By Alan Scherstuhl
By Amy Nicholson
By Charles Taylor
By Stephanie Zacharek
By Brian Feinzimer
By CAROLINA DEL BUSTO
By AMY NICHOLSON
By Amy Nicholson
Given the gift many rock stars have for running their lives—and deaths—as if they were bad movies, it's all but impossible to make a rock biopic these days without sinking into galloping cliché: the troubled childhood; the early breaks; fame, drugs, booze; redemption or suicide. Gus Van Sant pulled it off with Last Days, a quiet and intensely particular chamber piece that honored Kurt Cobain with truth over myth. There may be good reason to make a more conventional life of country singer Johnny Cash, who in his crazy years traveled with the nascent stars—Jerry Lee Lewis, Elvis Presley, Waylon Jennings, Carl Perkins—who set the blueprint for rock-star hard partying. Part love story, part concert movie, part wild and woolly account of the early days on the rock & roll tour circuit, James Mangold's Walk the Line is an engaging biopic that would totally lack surprise were it not for Reese Witherspoon, and a healthy touch of ambivalence about the populist myth that bound The Man in Black to his adoring public.
Walk the Line begins with the famous concert in Folsom Prison where Cash (Joaquin Phoenix), who never spent a day in jail for anything more felonious than drug possession, belted out the song that brought him sacks full of sympathetic mail from lovelorn girls and convicts alike. Mangold and screenwriter Gill Dennis have just enough distance from their subject to make this a running joke, but they might have made more of how the song became the organizing principle of Cash's mystique, and how a pop performer and his audience can come together in a lie that's true to their experience of being dispossessed. Certainly Cash's magnificently lugubrious everyman repertoire (I love his music, but I have to be in a certain kind of poor-me mood to listen to his lyrics without laughing) drew on his lifelong sense of being an outcast in his own family. Left to himself, Joaquin Phoenix, like his older, craggier colleague Sean Penn, is often prone to tragic grandiloquence, but in Walk the Line he gives a persuasive imitation of the strong, silent sex machine whose chronic shyness evaporated once he got onstage, where he practically ate the mike and aimed his guitar at the audience like an AK-47.
Phoenix is a dignified presence, but hardly an electric one, and for a while Walk the Line jogs diligently along in the usual explanatory shorthand: Cash's childhood, scarred by the accidental death of a beloved older brother who was the clear favorite of their sour sharecropper father (Robert Patrick); his ill-advised marriage to a sweetheart whose dreams couldn't differ more from his own; his clumsy early efforts as a gospel singer-songwriter and sudden success once he found a voice; and the slide into drugs, drink and depression when the constant touring wore out both him and his marriage. It's only when June Carter (Witherspoon) bounces onstage in a flowered dress with hoop skirt and pretty much takes over the movie, just as Carter later took over Cash's life, that Walk the Line wakes up.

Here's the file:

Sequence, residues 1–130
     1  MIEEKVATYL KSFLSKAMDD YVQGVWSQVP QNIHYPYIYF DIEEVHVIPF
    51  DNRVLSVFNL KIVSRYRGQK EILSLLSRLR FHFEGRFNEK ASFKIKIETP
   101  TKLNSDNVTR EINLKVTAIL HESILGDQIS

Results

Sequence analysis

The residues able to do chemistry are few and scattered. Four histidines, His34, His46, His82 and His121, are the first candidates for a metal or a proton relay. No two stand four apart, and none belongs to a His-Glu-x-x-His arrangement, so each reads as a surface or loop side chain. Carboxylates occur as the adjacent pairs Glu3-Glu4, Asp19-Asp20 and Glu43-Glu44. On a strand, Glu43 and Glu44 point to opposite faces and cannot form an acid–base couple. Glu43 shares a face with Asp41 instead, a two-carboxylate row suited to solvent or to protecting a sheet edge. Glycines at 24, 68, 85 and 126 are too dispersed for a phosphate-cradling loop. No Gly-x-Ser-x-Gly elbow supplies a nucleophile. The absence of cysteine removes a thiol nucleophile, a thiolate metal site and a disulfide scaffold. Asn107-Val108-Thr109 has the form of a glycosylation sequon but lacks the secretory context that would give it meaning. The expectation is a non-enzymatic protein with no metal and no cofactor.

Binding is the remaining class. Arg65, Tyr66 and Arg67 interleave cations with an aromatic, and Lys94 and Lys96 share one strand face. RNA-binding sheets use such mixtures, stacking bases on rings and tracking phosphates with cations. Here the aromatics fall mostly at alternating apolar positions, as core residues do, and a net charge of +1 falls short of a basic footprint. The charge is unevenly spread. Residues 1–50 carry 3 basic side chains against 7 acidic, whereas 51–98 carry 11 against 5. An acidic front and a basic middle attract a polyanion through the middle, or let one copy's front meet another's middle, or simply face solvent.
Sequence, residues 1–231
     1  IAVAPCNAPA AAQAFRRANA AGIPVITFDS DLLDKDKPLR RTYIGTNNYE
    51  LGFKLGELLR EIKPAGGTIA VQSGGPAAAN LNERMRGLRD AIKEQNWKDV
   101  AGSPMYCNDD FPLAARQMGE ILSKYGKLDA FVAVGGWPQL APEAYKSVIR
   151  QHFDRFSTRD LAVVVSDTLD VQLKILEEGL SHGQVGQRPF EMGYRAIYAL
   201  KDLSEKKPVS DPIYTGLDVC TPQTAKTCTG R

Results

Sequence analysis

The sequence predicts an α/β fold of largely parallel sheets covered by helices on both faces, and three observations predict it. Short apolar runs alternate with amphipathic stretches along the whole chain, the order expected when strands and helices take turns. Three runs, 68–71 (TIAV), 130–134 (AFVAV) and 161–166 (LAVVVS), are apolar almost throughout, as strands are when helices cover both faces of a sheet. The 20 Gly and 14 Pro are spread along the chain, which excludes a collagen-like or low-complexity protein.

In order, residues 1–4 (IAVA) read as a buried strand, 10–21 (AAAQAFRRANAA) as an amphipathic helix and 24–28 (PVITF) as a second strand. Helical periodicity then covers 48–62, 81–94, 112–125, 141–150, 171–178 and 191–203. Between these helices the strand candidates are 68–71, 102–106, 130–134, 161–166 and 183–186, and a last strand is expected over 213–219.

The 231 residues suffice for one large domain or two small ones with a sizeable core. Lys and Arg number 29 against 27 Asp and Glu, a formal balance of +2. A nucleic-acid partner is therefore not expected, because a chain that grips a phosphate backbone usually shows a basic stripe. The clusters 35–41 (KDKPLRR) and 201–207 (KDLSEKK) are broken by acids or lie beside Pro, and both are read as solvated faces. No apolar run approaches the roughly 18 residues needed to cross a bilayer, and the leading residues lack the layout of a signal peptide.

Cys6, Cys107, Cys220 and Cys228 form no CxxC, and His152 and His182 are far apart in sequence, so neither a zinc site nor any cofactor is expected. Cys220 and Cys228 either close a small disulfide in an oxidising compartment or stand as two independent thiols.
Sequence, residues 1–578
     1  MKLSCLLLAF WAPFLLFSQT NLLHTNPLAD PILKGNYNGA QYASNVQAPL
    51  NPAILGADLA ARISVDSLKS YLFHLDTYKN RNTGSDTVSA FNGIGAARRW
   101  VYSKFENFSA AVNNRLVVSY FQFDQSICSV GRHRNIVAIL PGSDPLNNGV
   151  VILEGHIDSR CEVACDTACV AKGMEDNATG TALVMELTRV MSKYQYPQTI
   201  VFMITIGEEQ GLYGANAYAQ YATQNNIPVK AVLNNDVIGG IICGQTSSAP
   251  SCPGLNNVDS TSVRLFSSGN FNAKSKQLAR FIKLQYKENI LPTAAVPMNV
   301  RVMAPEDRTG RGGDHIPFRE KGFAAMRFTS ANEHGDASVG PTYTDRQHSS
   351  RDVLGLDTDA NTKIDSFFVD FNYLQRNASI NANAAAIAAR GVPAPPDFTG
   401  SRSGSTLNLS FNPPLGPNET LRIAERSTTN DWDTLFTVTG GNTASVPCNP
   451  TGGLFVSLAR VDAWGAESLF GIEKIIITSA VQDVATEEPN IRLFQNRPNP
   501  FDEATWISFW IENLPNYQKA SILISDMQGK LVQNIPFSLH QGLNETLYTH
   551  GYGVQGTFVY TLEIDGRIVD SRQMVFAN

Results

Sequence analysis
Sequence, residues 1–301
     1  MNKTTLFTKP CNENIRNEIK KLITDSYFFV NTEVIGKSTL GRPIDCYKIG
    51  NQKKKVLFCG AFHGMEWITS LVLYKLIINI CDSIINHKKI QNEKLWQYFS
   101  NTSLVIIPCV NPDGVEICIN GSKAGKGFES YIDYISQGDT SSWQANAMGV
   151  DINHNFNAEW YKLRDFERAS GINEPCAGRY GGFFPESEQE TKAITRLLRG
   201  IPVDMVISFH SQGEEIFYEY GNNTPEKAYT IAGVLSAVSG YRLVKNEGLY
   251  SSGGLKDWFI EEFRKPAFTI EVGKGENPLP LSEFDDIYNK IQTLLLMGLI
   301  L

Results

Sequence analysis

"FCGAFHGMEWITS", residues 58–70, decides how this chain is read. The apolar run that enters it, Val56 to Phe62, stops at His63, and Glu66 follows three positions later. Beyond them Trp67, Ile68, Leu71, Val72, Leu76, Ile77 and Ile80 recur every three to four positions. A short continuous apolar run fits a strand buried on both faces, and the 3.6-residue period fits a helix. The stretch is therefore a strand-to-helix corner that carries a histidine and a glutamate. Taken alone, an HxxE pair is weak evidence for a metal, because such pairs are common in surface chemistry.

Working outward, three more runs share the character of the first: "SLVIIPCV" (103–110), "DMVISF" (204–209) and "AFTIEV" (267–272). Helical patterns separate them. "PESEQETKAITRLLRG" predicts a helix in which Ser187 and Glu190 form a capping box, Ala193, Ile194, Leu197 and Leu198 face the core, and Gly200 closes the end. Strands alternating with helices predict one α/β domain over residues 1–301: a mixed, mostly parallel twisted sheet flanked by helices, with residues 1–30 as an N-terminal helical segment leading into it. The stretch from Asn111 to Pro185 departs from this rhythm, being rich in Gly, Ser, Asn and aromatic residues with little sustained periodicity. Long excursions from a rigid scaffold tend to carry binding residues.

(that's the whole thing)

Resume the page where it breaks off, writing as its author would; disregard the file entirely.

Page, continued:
For all her vacuous blue-eyed prettiness, Witherspoon has always been a fiercely intelligent presence, and now that she's growing up—her beauty has turned from apple-cheeked to angular—she brings not just vivacity but a depth and breadth to this young singer who, growing up in the shadow of an older sister with a better voice, carved a niche for herself by clowning onstage. You can already see in this vulnerable girl the mature Carter who would later save Cash from himself, but Walk the Line narrows its focus to the years when Cash tried to win over Carter the devoted mother, who, gun-shy after two disastrous marriages, holds him at bay while he's strung out on booze and pills and comes to understand that before she can become his lover, she'll have to become his friend. In the inevitable concert sequences, Witherspoon and Phoenix, who sing their own solos and duets with sweetness and brio, make a vital, sexy pair, the one so held-back and exhausted by his own weakness and rage, the other forthright and resilient.
Still, there's something pat, a whiff of official story about Johnny and June's progression from walking wounded to happy ever after. I have no idea whether Carter really drafted her entire family to help Cash withdraw from his pill-popping, whether her father saw Cash's dealer off the premises with a rifle, or whether Cash really proposed to Carter onstage, which seems uncharacteristic of this famously reticent man. Yet perhaps the right venue for someone who came alive only when performing. Like many fact-based movies seduced by copious input from the source (Mangold and Dennis spent many hours talking to the Cashes before their deaths in 2003), Walk the Line's most telling moments take place on the periphery: Cash learning how to carouse with his pals, who're played by various contemporary rock and blues artists (Waylon Malloy Payne is a feral standout as Jerry Lee Lewis), or profoundly ill at ease with his family (an all but unrecognizable Shelby Lynne is wonderfully dour as Cash's put-upon, deeply religious mother). But it's in Ginnifer Goodwin's compelling turn as Cash's first wife, Vivian—a decent, limited woman hanging on for dear life to a man who's as wrong for her as she is for him—that we see the human wreckage left in the wake of this very public love affair and this very grand myth.
WALK THE LINE WAS DIRECTED BY JAMES MANGOLD; WRITTEN BY GILL DENNIS AND MANGOLD, BASED ON THE BOOKS MAN IN BLACK AND CASH THE AUTOBIOGRAPHY BY JOHNNY CASH; PRODUCED BY CATHY KONRAD AND JAMES KEACH. NOW PLAYING COUNTYWIDE.
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